Harlequin's Slash Fic

Ted & Ralph: 01 Kissing Cousins

Title: Ted & Ralph: 01 Kissing Cousins
Author: Julien
Universe: Ted & Ralph (The Fast Show)
Characters featured: Ralph/Jamie (original character), and unrequited Ted/Ralph
Category, Word count: Short story; 4050 words
Rating: PG13
Summary: Ralph’s cousin Jamie has been sent down from Cambridge for a misdemeanour, and seems set to tempt Ralph away from his long-unrequited love for his old family retainer.
Notes: This first of five linked stories is set after the Ted & Ralph movie, but before the final season of The Fast Show, so Ted and Ralph are not yet together.
First published: 22 April 2004 in Homosapien 7


Kissing Cousins

‘Some kind of misdemeanour at Cambridge,’ Ralph Mayhew was explaining as he walked the greenswards of his estate with his groundsman. ‘I’m not entirely sure what. Really, the universities ought to be more tolerant. A young lad like that has to have a lark or two, don’t you think, Ted?’

‘Yes, sor,’ Ted replied after a moment.

‘I had a lark or two myself at that age,’ Ralph added, rubbing his hands together with evident glee.

Ted raised his eyebrows – not that the young master would catch him at it, for Ted kept his head deferentially lowered. Somehow he doubted that this most innocent of gentlemen could ever have perpetrated any serious scrapes. Nevertheless, he soberly replied, ‘Yes, sor.’

‘And what about you, Ted?’ Ralph continued in an overly hearty manner, hands now clasped before him. ‘I’ll bet you had a lark or two – or three! – in your time.’

‘I wouldn’t know about that, sor.’

‘I’ll bet you were quite the lad!’

Ted let out a quiet sigh – though, again, not one that the young master would hear. ‘Married before I turned nineteen, sor.’

‘Oh. Oh, yes, quite so. Capital woman, Mrs Ted. Just capital. No need for larks when you have a wife like Mrs Ted at home.’

‘That’s so, sor.’

Ralph seemed to have run out of words. It happened. Not often, but it did happen. Until … ‘Why, there he is! A fine young fellow. Have you met my second cousin, Ted?’

‘Can’t say as I have, sor.’

‘Well, second cousin or cousin twice removed – I can never keep those quite straight. But, no matter what, he’s family, Ted. I really can’t see why his parents are so upset with him at present. I can only … Well, I can only wish more of my family were like him.’

And if they were, Ted reflected, the Mayhews would die out within a generation. He looked sourly across at the young man in question, perfectly posed on the lowest branch of an oak, one leg casually dangling, dressed in dishevelled cricket whites, with his college tie artfully askew. The unruly mop of golden–brown hair completed the just–been–ravished demeanour.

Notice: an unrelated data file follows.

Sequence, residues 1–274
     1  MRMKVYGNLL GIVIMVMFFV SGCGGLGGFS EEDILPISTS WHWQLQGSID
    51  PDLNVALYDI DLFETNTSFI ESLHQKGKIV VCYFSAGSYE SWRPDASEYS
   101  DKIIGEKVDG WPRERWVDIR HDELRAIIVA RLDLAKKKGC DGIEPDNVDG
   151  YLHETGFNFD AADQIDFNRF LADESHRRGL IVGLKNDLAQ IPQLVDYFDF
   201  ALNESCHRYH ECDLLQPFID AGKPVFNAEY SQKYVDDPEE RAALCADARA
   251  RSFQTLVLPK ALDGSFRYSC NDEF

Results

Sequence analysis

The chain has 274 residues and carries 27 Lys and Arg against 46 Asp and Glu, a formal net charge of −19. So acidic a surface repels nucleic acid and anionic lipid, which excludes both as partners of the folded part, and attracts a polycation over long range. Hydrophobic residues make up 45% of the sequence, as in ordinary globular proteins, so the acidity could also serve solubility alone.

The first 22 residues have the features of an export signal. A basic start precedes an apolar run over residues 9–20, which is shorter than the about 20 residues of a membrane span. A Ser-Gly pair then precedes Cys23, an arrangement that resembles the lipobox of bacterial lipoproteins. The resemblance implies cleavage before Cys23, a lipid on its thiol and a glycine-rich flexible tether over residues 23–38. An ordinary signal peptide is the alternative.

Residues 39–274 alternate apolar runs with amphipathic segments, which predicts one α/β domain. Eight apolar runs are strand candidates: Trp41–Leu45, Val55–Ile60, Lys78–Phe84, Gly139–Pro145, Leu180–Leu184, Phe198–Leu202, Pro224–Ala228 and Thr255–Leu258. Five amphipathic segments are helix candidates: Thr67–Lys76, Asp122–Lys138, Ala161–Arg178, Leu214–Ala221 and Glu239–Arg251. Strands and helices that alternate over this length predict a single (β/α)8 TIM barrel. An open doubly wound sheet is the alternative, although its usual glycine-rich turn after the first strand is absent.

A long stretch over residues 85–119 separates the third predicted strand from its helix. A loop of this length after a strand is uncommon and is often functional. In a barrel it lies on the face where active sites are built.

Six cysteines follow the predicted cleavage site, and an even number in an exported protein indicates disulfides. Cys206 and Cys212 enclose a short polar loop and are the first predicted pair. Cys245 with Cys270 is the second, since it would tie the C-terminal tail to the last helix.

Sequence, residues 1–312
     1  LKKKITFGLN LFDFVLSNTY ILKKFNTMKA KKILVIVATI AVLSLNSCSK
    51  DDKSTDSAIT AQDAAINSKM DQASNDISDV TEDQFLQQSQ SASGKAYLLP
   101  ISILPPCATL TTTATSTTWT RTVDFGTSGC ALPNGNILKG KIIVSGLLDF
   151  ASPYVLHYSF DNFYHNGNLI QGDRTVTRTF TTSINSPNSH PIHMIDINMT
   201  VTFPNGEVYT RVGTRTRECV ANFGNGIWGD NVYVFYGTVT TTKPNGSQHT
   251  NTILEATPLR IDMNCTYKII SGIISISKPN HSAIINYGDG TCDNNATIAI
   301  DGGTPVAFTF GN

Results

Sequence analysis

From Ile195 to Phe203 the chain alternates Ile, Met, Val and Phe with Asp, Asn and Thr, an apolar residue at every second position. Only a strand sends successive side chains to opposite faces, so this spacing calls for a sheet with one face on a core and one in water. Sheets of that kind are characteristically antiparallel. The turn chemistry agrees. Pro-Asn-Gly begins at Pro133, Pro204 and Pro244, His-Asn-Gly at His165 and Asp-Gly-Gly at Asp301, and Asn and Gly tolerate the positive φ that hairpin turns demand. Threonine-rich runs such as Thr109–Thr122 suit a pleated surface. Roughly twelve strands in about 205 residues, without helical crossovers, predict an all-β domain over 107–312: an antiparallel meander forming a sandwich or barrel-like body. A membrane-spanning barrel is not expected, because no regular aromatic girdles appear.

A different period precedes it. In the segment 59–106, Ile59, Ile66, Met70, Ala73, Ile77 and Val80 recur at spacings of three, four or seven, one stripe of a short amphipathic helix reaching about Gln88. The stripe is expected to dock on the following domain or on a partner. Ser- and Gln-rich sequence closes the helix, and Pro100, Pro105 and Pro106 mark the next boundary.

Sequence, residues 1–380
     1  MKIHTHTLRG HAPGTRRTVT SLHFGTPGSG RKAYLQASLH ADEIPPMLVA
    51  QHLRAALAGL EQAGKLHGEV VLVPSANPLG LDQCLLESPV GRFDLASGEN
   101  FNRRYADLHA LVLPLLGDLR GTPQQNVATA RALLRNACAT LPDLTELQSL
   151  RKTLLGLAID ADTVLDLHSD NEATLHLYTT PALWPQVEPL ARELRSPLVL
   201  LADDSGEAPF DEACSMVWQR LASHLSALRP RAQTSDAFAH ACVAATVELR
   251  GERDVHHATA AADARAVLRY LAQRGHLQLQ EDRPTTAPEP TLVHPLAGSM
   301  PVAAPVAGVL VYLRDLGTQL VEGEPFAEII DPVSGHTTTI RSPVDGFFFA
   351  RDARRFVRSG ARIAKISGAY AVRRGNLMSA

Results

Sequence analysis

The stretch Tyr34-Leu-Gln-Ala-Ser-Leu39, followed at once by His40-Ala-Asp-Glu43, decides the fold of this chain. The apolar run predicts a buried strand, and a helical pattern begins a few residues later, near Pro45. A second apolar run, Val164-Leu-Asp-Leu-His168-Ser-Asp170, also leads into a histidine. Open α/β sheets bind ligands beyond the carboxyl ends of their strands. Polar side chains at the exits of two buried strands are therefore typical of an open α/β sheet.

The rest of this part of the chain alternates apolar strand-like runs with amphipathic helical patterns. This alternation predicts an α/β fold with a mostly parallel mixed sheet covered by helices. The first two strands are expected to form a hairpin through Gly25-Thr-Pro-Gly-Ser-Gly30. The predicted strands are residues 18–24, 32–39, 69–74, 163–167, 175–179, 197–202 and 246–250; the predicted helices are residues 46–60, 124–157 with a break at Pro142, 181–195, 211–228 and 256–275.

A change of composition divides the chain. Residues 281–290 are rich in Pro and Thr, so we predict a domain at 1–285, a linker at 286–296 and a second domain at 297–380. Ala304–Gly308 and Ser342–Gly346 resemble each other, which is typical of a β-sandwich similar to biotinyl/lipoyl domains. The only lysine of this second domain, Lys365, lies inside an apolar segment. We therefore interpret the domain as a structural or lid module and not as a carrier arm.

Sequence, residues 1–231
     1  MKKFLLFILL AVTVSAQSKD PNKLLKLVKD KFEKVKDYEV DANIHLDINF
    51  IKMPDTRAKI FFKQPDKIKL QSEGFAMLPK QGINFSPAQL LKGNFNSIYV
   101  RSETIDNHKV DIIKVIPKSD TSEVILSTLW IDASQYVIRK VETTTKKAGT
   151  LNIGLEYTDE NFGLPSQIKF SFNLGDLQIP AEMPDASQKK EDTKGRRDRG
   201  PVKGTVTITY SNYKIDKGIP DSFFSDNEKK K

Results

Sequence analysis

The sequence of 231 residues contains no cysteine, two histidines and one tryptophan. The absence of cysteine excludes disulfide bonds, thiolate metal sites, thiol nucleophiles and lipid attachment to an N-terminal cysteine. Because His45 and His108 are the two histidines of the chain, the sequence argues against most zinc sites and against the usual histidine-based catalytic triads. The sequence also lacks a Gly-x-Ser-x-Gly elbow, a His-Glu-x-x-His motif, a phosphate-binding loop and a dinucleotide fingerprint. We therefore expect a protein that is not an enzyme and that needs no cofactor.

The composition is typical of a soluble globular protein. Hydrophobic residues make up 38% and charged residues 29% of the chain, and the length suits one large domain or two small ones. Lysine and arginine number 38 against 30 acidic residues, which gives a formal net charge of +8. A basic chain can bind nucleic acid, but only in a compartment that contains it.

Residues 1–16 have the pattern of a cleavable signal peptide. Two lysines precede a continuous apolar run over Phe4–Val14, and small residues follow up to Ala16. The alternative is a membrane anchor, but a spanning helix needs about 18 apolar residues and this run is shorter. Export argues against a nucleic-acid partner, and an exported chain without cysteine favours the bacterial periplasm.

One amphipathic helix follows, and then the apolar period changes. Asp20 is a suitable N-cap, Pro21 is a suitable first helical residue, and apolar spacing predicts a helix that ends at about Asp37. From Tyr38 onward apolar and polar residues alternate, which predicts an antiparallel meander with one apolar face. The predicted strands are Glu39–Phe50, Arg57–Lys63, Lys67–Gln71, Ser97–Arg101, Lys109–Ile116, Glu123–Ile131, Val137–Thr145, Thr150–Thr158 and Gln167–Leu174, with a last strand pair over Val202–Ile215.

‘Jamie!’ Ralph called.

The cousin lifted his head, pretending not to have heard them approach.

‘Come down here and meet my man – my man who … Well, the man without whom I could not do!’

James Mayhew slipped to the ground with catlike grace.

‘This is Ted, Jamie. Really, I would be nothing – the estate would be nothing without him.’

‘Good morning, Ted,’ Jamie said, sizing him up (or down, no doubt) with a smirk.

‘Mornin’, young sor.’

‘So you’re the one who takes such prodigious care of our Ralph.’

‘I wouldn’t know about that, young sor.’

‘Oh, come on, Ted!’ Ralph protested, blushing madly. Not that Ted was looking at him – he didn’t see the blush, so much as hear it in his voice. ‘No false modesty, now!’

‘Do you get as much pleasure,’ Jamie continued in a drawl, ‘serving under him, as he does in being over you?’

Ralph, bless him, seemed oblivious to the implications of this enquiry. When Ted remained resolutely silent, Ralph clapped his hands together. ‘Have you seen the lower field yet, Jamie? You should see the drainage system that Ted and I installed last summer! A better example of drainage, I’ve never seen – and we saw some state of the art drainage at the agricultural college, I can assure you. Why, the field was good for nothing until …’

Ted followed the two of them at a discreet distance, dropping back out of hearing range. He couldn’t avoid watching them, though … Young Jamie Mayhew kept bumping into his cousin, jostling him. Smiling up at him with a mouth and a pair o’ blues that even Ted had to admit were appealing. He sighed. If he were wrong about the nature of the young man’s misdemeanour, he’d eat his best hat for Sunday tea.

‘Have you ever been kissed, Ralph?’ Jamie asked. They were sitting at either end of the long table in the dark old dining hall, having enjoyed a traditional repast of fish and chips from the local takeaway.